Can you believe that My Dress-Up Darling is already one-third of a way through the season? Seems like it just started yesterday, right? I’m thinking that the anime will remain a lot more PG than the manga. That’s just fine by me. I find that the adaptation is doing a great job at highlighting the charm f the story.

So let’s talk about episode 4.

One thing I will say is that the episode did a great job at bringing across Gojo’s self-imposed stress and exhaustion. I even got a little claustrophobic while watching it. Not just in the great way they were drawing and animating Gojo. For some reason, I really like when anime characters get dark circles. And his movements were both slower and more jagged. Good attention to detail there. But also in the way that his thoughts were starting to spiral.

Gojo’s one important connection throughout his life has been his grandfather. And although the fall was not that serious in the grand scheme of things. It still has to be weighing on Gojo quite a bit. On top of that, he’s trying to navigate his first real friendship with a girl he happens to think is very pretty. That’s a landmine right there. Anyone would be a little stressed under those circumstances. Add in the normal pressure of exams, the lack of sleep, the disturbance in his diet and it’s actually surprising he didn’t collapse himself.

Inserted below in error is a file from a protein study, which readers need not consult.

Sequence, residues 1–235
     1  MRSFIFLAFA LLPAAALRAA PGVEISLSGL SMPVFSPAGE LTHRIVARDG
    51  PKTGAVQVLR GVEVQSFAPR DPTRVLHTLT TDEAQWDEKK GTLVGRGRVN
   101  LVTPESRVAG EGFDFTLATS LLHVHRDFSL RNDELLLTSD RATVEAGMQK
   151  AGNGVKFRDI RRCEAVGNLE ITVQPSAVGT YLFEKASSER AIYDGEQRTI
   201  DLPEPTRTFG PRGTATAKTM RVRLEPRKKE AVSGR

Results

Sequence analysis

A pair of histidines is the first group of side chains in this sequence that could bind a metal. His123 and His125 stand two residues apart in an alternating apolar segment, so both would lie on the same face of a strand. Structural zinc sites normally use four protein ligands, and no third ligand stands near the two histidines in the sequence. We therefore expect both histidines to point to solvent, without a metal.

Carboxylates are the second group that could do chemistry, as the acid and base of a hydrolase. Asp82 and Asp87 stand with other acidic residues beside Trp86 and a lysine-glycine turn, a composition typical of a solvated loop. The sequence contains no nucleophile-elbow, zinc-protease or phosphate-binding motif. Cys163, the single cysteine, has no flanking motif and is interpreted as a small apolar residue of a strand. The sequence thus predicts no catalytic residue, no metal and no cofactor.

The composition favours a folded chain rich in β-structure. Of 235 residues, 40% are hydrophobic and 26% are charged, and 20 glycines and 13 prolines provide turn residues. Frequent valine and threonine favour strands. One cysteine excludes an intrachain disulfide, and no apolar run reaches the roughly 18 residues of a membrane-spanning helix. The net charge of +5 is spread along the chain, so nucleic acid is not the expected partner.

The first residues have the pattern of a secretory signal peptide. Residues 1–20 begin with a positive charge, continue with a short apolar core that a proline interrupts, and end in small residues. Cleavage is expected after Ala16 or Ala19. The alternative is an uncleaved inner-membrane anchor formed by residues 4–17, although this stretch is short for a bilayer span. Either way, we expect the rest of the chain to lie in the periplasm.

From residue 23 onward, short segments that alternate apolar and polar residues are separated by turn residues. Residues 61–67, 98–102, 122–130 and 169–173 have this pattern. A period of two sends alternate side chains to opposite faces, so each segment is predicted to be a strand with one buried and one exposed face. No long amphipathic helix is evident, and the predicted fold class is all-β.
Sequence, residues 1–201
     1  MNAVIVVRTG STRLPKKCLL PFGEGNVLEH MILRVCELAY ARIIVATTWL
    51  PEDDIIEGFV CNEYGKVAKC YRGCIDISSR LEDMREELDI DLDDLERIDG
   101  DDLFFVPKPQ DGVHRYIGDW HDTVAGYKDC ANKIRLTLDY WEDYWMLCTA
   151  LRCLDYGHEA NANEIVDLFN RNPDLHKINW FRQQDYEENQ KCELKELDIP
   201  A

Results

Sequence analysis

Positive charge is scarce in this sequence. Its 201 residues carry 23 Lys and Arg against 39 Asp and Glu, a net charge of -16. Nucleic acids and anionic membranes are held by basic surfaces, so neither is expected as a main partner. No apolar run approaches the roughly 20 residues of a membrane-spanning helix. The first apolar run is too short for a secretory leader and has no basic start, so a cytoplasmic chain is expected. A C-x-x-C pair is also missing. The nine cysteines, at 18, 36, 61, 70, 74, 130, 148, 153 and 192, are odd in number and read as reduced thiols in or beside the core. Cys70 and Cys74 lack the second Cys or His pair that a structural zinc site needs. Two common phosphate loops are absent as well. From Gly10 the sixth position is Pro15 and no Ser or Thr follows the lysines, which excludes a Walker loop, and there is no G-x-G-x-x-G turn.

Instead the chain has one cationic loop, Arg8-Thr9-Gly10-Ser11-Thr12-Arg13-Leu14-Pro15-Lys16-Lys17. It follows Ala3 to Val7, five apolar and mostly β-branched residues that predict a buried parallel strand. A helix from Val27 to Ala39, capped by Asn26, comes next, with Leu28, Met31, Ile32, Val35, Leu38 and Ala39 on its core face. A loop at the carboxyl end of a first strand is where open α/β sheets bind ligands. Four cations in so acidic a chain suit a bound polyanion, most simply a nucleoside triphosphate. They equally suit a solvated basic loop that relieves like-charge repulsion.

And yeah, it’s pretty silly to push yourself quite so far for a costume. It’s also a basic romance trope to have the leads not communicate so that a simple misunderstanding ends up having overblown consequences. But it felt kind of fresh here. Maybe because no one got mad. Or maybe because even throughout the misunderstanding, everyone was acting with the other person’s happiness in mind.

Follow me for a minute here. My Dress-Up Darling is a show that is at least in part preoccupied with making us, the audience, attracted to Marin. It’s sort of important for the story to work as it should. We have to at least agree that people would normally find Marin attractive. So it’s very endearing that through the fanservice and more silly scenes (of which there were very few this week) the one feature of Marin’s that the cinematic language really insists on highlighting, is her smile.

Marin smiles often and exuberantly. And when she does, the scene does everything it can to make sure we are staring at that smile. The cameras linger on it, the light shuffles our eye line to it and the score frames it as something great. Marin is a pretty girl all around and she has a really great smile!

Taking all that into consideration, it’s telling that the first time Marin seems to look at Gojo in a bit of a different light is when she notices his smile. In My Dress-Up Darling, it’s smiles that make people really beautiful. And you know, that’s a very sweet sentiment. One that I am here for.

And of course, those smiles aren’t in a vacuum. It all relates back to Gojo’s grandfather telling him that the smiles of his customers are what keep him going in his craft. Smiles are simply a symbol of happiness. So what My Dress-Up Darling is actually saying here is that both Marin and Gojo are at their most attractive when they’re happy. Awwwwwwwwwwwwwwww!

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